Mutual funds can be a great way to invest in the market and build on your long-term wealth. However, there are some common questions about investing in mutual funds that may prevent you from taking what could be your first steps to building real wealth.
Here we continue with a few more questions on mutual funds investing.
Can I invest in mutual funds without a demat account?
Many ask whether they require a demat account to invest in mutual funds. You should be aware that only stock investments—not those in other securities—need a demat account.
However, you will need a demat Account to invest in Exchange Traded Funds (ETF) offered by fund houses.
What is the difference between mutual funds and index funds?
An index fund is a fund offered by a mutual fund house that passively tracks a particular index. An index fund aims to replicate the underlying benchmark and give returns like the index. The fund manager of the index doesn't take any active investment decisions.
However, when we generally talk about mutual funds, we mean funds that fund managers actively manage to beat the benchmark. But that is just one way to classify mutual funds.
So, in short, all index funds are mutual funds, but all index funds are not mutual funds.
Should I invest in mutual funds or a fixed deposit?
Mutual funds and Fixed Deposits (FD) are the two popular ways to grow money. Understanding the differences between the two is important before selecting an option.
The performance of the capital markets has a direct impact on the returns of mutual funds. However, in the case of FD, it gives guaranteed returns over a specific period.
Risk is associated with investing in mutual funds and varies from fund to fund. FDs have no risk because the depositor will get fixed interest rates and guaranteed returns.
If we talk of returns/interest, equity mutual funds have the potential to deliver better returns or beat inflation over the long run than FDs.
Any profits made on mutual funds, whether short or long-term, are taxable. In the case of equity funds, LTCG is taxed at 10% of earnings over Rs. 1 lakh, and STCG is charged at a flat rate of 15%. For debt funds, the LTCG is 20% after indexation.
However, the interest generated by FD above 10,000 during a financial year is subject to a 10% TDS.
What is the difference between the growth and dividend options in mutual funds?
The dividend option is currently called Income Distribution cum Capital Withdrawal or IDCW.
In the case of the growth option, the gains from mutual funds are invested back into the fund. However, in the case of IDCW, the fund manager can pay the returns made by the scheme to investors as dividends. But dividends are not guaranteed and depend on the discretion of the fund house and fund manager.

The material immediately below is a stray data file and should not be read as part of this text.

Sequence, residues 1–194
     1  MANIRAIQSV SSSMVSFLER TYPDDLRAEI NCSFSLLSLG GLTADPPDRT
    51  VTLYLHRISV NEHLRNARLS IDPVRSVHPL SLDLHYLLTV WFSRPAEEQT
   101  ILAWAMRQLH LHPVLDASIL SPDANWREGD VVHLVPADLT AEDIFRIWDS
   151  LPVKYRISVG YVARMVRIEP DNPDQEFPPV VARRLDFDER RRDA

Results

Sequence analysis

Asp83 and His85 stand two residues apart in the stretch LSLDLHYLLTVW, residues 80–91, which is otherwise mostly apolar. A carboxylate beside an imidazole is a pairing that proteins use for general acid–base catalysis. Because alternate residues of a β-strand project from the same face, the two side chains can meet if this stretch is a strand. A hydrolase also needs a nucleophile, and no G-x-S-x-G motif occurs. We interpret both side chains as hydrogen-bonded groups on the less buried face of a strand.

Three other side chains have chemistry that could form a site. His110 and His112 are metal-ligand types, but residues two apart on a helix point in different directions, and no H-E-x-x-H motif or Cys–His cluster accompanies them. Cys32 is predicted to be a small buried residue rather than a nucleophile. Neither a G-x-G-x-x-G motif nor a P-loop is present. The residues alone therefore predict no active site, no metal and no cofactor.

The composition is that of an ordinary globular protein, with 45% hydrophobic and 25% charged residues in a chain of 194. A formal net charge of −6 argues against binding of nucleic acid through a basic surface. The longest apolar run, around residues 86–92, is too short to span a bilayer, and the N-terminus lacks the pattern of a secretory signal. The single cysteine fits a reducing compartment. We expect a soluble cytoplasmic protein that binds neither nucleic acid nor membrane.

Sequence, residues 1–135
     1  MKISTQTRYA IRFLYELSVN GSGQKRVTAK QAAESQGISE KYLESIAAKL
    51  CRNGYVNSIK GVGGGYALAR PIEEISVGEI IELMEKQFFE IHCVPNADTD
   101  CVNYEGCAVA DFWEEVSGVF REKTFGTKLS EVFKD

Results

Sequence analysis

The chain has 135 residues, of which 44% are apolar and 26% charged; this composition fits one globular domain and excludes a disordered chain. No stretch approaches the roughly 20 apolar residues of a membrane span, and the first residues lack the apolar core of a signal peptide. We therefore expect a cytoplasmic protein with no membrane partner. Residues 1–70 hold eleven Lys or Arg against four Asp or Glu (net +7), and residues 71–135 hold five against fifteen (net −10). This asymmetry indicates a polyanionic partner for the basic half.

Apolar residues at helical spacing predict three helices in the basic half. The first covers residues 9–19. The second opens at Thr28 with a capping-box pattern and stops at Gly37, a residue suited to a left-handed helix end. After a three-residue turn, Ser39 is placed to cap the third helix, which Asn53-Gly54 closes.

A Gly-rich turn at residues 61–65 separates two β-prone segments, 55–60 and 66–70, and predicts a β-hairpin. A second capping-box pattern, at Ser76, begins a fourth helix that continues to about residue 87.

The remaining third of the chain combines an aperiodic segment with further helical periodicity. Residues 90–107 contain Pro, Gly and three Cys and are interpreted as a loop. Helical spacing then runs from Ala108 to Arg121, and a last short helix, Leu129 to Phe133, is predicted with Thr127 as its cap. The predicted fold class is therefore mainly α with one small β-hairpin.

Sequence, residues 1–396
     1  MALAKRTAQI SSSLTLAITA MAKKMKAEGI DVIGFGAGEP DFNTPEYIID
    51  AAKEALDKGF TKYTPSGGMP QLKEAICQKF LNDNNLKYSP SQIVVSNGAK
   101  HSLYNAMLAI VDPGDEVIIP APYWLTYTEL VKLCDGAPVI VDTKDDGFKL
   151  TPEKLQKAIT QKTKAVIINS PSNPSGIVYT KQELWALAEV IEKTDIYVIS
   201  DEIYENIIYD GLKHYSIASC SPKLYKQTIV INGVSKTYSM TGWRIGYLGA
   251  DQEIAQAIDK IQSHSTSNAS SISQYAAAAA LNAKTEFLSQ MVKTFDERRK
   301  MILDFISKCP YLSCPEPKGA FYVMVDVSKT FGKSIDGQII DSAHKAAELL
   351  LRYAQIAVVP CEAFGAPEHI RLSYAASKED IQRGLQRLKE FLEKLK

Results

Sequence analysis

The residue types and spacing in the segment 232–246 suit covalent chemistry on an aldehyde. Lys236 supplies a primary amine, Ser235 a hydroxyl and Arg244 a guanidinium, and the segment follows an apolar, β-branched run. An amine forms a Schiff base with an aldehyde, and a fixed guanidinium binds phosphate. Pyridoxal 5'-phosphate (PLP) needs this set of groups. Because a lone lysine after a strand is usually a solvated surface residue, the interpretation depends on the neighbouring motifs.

Which mutual funds invest in US stocks?
International mutual funds that focus on US markets invest predominantly in US stocks. Typically, international funds offered by Indian fund houses are Fund of Funds (FoF), i.e., they invest in mutual funds that are domiciled in the US that invest in US stocks. So, Indian investors can get exposure to the US markets by investing in US-focused international funds. For taxation purposes, gains from these funds are taxed like non-equity funds.
What is XIRR in mutual funds?
The Compound Annual Growth Rate (CAGR) is the most commonly calculated return on investment. However, it doesn't consider multiple deposits and withdrawals.
The XIRR formula considers various cash inflows and outflows. The XIRR formula calculates the annual average return of each instalment and adjusts them to give you the overall average yearly return for all your investments.
Suppose you invested Rs. 10,000 monthly in a mutual fund for five years. Suppose your investment worth climbed to Rs. 8.84 lakh after five years of ups and downs.
In this example, Rs. 10,000 has been invested for five years (60 months). The initial month's annual return will differ because it was invested for more months.
Seeing the CAGR of each mutual fund instalment makes analysing its performance difficult. Each instalment's CAGR fluctuates as it is invested for a varied period. These CAGRs are combined and adjusted to a single CAGR to simplify things. And the XIRR of a mutual fund scheme is displayed using this adjusted CAGR.
Excel has a function to calculate XIRR.
How are mutual fund returns calculated?
The returns on mutual funds are computed by comparing the value of your investment over time to the initial investment. The price of a mutual fund is determined by its Net Asset Value (NAV), which is also used to calculate returns on your mutual fund investments. The return over a period is determined as the difference between the purchase date NAV and the sale date NAV, and the result is multiplied by 100 to get a percentage.
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Padmaja Choudhury is a freelance financial content writer. With around six years of total experience, mutual funds and personal finance are her focus areas.